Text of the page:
Director: Jeff Nichols
Cast: Michael Shannon (Curtis), Samantha (Jessica Chastain)
Directed by Jeff Nichols, “Take Shelter” is yet another existential drama where dreams and reality mesh on a year where many films seemed particularly interested on this subject.
The movie is anchored by the great performance of Michael Shannon playing Curtis, husband to Samantha (Jessica Chastain) and father of a little girl who was born deaf. The film is about his struggle to maintain the seemingly perfect life he leads while dealing with deeply upsetting dreams and visions that feel like premonitions, both to the audience and to his character.
As the days pass, the dreams and hallucinations continue, getting more vivid and upsetting. He feels there is some sort of cataclysmic event coming and that he must do everything he can to protect his family from the disaster. No matter how certain he becomes about what he must do, there is a lingering hesitation that is rooted in his mentally ill mother, who has suffered from schizophrenia for decades.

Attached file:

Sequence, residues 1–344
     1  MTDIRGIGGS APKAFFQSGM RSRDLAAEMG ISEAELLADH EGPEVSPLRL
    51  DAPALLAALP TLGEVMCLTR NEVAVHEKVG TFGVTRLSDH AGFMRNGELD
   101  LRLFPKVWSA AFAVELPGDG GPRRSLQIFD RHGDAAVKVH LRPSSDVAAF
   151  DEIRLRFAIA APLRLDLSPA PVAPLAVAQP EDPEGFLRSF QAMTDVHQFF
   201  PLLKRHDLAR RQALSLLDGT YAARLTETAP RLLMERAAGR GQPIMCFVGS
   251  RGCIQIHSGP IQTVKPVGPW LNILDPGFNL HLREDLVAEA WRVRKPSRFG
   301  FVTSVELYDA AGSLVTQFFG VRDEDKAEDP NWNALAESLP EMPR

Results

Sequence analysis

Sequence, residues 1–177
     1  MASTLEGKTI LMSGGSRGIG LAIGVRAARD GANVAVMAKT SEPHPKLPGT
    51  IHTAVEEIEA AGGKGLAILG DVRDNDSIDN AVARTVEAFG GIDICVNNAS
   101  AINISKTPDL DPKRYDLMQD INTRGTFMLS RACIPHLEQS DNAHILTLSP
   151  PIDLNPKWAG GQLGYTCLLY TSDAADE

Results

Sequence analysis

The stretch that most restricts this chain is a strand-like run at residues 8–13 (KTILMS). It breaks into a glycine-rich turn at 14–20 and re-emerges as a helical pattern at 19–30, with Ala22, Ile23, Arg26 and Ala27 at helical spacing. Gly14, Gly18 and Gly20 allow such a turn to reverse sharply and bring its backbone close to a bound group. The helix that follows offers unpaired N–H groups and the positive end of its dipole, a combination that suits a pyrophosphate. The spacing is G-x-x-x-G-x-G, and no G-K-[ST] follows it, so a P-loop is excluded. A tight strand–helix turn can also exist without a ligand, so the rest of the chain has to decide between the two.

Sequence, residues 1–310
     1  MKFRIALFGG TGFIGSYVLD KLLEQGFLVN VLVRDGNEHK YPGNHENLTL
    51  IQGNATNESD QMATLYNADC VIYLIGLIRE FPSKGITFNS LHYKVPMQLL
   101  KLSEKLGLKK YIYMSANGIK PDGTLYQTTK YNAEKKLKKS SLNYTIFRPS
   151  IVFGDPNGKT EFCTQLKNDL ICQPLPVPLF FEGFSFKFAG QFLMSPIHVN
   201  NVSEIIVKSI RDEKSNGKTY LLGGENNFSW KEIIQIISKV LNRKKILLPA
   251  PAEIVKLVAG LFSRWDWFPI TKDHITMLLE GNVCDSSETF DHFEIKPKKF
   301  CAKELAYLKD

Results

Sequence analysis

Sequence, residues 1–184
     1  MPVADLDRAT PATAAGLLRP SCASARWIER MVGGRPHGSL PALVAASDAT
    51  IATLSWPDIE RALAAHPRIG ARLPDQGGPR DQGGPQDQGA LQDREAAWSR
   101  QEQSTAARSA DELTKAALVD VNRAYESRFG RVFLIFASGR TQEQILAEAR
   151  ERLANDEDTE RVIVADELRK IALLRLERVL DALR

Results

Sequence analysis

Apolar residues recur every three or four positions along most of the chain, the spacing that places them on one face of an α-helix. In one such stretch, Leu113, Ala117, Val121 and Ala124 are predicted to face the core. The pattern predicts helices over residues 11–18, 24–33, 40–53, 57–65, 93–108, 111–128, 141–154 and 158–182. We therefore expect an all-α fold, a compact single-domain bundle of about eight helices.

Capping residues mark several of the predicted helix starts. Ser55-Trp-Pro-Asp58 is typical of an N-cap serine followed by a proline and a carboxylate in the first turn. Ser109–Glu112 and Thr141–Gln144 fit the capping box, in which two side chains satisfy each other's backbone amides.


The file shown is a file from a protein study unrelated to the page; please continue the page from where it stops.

Crucially, Curtis tries to maintain the appearance of normalcy, afraid those around him will think he is crazy. Not surprinsingly, the facade quickly falls apart and he must choose whether to stick to his plan or further alienate himself from his family and friends.
Despite the well crafted script, “Take Shelter” becomes more about discovering whether he is mentally ill or not, than about the story of Curtis. This is a flaw that mostly stems from the unoriginal theme rather than the film’s structure. It is, after all, delivered to audiences that are familiar with hallucinatory tales like “A Beautiful Mind” or movies like “The Sixth Sense” that have made us especially cynical, often prone to reducing a good film to its final twist.
The film, though great in many ways, suffers from the constant and unnecessary suggestions that frame and prepare us for the final twist. We might not be exactly sure what the outcome will be, but the film reduces our interest to finding out what really happens in the end, taking our focus away from the nuances of the plot.
The script could have also benefited from more substantial supporting characters. Take Shelter becomes too much about Michael Shannon’s own struggle when a good part of it was rooted in how he affected his family and his livelihood, yet we know little about them.
Beyond its faults, “Take Shelter” is a well crafted film elevated by a very strong cast led by a wonderfully mysterious and troubled Michael Shannon who, once again, exceptionally delivers by playing a non-remarkable guy with very unique problems.
Rating: 3.5 / 5 (good)